The Rose Festival 5k and 12k have been around for about 10 years, but initially escaped my attention since Orangeburg is about an hour from my house. At some point I must have realized, though, that this was an event practically made for me. I spend so much time looking for double dip opportunities, but Rose Fest actually builds one into their race, and makes the double an event all to itself (called the “Double Down 17k” as well. It is a Tour de Columbia points bonanza.
My first taste of the Rose Fest in 2013 virtually assured I’d be coming back again. I consider it probably the best running performance of the hundreds of races I’ve done. I PR’d in the 12k by over a minute and a half, running a 48:12 in an epic battle with Billy Tisdale. The 5k, only about 40 minutes later, was absolutely brutal, but featured a 5:59 closing mile to catch Billy again, finishing in 19:49 and securing a double down championship. I was hooked.
Of course, whenever someone like myself wins races, it basically screams TROPHY HUNT. I don’t win races by talent, I win by luck and lack of competition. The Rose Fest featured wins by local elites Justin Bishop, Chris Bailey and Michael Banks in subsequent years – people who could go have brunch after their race and still have time to get back to see me finish.
I was injured in 2014, but I came back in 2015 to race the double again. Charleston’s Chris Bailey trounced everybody in both the 12k and 5k, and I had a couple of so-so races (50:02, 20:08 I think). But, since they added a masters division, I took home the masters double down crown much to my surprise.
This year, I was decidedly less optimistic. Boston, while a euphoric experience, left me just wrecked. At least I knew why I was feeling so bad at the race since I was sick as a dog the rest of the week. I had managed to get a few runs in the next weekend, including an ill-advised preview run of the Gov Cup Half on Sunday. Even though the legs were slowly coming back, I was dead tired and still not 100 percent recovered from the brutal cold I had been fighting.
But, it was Rose Fest, so I figured I’d at least go down to Orangeburg to take pictures. I think I had a beer fueled moment of poor judgment (not the first, mind you) on Thursday night and signed up for the 12k on a whim. I had to catch my 10 year old’s chorus performance at the Sparkleberry Fair at 10:15 so I really couldn’t stay for the double down. I know… the thug life chose me.
Waking up at 5:00 am on Saturday, it took every ounce of willpower, coupled with the 40 bucks I had already burned, to get me out of bed. OK I was definitely doing this race easy. I figured I could cruise at my Kiawah Marathon 7:15 pace and see if I could stumble into my age group or something.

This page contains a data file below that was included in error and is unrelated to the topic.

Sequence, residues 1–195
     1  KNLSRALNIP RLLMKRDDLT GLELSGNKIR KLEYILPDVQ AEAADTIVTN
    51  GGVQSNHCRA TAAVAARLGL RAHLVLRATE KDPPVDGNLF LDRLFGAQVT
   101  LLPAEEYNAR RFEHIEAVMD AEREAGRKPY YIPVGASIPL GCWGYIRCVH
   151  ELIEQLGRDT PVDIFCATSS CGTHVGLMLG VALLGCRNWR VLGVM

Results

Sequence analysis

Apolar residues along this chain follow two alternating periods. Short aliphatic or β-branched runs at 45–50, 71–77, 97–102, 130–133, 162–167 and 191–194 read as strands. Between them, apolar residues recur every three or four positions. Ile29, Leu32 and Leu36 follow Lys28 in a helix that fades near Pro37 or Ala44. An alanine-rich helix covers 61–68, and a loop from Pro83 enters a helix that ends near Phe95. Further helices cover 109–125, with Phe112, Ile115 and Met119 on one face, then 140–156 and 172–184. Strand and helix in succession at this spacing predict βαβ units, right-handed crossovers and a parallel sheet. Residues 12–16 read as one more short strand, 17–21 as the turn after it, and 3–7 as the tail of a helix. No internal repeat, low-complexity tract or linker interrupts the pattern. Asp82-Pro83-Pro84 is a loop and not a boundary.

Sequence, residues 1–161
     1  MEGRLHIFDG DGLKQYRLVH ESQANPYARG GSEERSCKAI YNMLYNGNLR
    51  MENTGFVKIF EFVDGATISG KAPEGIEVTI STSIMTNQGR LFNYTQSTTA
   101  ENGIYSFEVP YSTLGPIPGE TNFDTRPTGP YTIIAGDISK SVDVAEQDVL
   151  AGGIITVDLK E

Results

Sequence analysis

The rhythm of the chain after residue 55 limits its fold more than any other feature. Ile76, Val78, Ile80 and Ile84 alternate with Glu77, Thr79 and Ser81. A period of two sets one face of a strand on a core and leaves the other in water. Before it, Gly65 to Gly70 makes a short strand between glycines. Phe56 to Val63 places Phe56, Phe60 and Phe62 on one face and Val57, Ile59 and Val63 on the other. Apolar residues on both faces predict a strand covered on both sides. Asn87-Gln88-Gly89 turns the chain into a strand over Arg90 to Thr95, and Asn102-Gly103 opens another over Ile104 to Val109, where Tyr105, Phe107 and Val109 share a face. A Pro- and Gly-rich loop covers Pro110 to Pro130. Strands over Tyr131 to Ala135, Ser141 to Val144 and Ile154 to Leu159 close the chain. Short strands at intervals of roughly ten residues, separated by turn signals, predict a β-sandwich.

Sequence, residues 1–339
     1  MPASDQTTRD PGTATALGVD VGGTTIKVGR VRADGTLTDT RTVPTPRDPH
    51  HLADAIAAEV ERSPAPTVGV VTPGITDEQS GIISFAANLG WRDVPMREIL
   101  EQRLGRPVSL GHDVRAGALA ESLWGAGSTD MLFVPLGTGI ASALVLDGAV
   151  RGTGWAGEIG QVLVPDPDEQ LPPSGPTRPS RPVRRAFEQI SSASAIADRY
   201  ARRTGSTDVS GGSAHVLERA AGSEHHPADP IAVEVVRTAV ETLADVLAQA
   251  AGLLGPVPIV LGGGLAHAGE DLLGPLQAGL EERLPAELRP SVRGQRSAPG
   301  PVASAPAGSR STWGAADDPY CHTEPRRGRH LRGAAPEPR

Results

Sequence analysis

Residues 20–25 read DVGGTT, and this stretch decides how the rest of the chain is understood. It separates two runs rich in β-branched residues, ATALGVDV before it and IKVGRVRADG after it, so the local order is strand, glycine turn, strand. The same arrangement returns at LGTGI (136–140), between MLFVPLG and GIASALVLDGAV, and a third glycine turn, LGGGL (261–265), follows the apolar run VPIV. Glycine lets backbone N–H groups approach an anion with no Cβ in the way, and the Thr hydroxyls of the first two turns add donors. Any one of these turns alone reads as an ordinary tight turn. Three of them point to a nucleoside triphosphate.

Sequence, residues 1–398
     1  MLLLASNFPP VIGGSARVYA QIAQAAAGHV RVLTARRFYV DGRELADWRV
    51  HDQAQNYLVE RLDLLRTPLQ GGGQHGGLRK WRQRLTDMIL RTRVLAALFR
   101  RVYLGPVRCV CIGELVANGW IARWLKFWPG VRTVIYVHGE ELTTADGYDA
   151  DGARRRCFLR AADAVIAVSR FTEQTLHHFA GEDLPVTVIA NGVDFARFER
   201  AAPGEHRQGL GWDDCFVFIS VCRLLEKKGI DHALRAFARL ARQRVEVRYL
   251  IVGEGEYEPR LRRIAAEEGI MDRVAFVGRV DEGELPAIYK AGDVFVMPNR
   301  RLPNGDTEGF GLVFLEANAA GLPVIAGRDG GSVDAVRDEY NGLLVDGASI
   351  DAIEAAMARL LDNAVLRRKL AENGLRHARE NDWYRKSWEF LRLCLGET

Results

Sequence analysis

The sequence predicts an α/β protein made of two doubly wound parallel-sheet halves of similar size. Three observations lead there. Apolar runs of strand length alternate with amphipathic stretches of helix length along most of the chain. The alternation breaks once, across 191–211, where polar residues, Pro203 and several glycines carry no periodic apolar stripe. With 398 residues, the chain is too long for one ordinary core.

I got down to Orangeburg with about 40 minutes to spare for the 7:30 start. Not a big crowd – the 12k is usually fairly small but loaded with elites, the 5k much larger. I ran into Cheryl and Thomas Outlaw, John Gasque (doing the double down), Brigitte and Garrett Smith, fellow TUS teammates Makenzie Wilson and birthday girl Greta Dobe. Rocky was already there despite only running the 5k at 9:00. Justin had mentioned he would be there but was MIA. I did less than a mile warmup, and the legs felt it necessary to remind me on every step that it was indeed only 12 days ago that I ran a marathon. Total cinder blocks.
As we walk up to the start line, I’m taking pictures, talking to Erin and the cops, and generally distracted. As I put my phone away, I’m suddenly struck…WHERE ARE THE ELITES?? There are a few kids, a random fit looking guy about my age and an older dude with a Charleston Running Club singlet up front. No one I really recognize on the front line. OK, so surely one of these guys must be a sub 6 pace kind of dude. Still, a sense of opportunity, and panic, runs through me.
The course – mostly flat and residential.
With the gun, I make sure I go out easy since this was the plan. About a quarter mile in I see a couple of teenagers in matching shirts running a couple of steps ahead and a guy riding my tail, but there’s no one but me and the police car. I take a quick look over my shoulder and start cussing. I’ve got 20 meters on the field already. Sonofabitch, I’ve stumbled into an unbelievable trophy hunt. I was going to have to at least try.